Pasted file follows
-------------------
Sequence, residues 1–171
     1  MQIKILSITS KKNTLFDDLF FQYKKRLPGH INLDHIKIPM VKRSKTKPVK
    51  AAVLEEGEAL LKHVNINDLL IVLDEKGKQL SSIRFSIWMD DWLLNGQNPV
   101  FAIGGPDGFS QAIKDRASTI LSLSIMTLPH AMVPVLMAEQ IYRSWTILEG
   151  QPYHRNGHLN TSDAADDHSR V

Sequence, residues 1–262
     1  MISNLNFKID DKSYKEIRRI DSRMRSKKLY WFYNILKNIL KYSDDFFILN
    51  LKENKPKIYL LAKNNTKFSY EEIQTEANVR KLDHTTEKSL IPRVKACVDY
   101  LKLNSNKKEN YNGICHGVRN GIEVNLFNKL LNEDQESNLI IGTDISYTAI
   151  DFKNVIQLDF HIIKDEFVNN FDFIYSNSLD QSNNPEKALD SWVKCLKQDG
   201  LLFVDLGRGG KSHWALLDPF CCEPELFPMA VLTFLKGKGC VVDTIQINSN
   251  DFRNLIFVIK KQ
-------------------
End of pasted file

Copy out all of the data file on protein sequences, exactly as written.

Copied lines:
Sequence, residues 1–171
     1  MQIKILSITS KKNTLFDDLF FQYKKRLPGH INLDHIKIPM VKRSKTKPVK
    51  AAVLEEGEAL LKHVNINDLL IVLDEKGKQL SSIRFSIWMD DWLLNGQNPV
   101  FAIGGPDGFS QAIKDRASTI LSLSIMTLPH AMVPVLMAEQ IYRSWTILEG
   151  QPYHRNGHLN TSDAADDHSR V

Sequence, residues 1–262
     1  MISNLNFKID DKSYKEIRRI DSRMRSKKLY WFYNILKNIL KYSDDFFILN
    51  LKENKPKIYL LAKNNTKFSY EEIQTEANVR KLDHTTEKSL IPRVKACVDY
   101  LKLNSNKKEN YNGICHGVRN GIEVNLFNKL LNEDQESNLI IGTDISYTAI
   151  DFKNVIQLDF HIIKDEFVNN FDFIYSNSLD QSNNPEKALD SWVKCLKQDG
   201  LLFVDLGRGG KSHWALLDPF CCEPELFPMA VLTFLKGKGC VVDTIQINSN
   251  DFRNLIFVIK KQ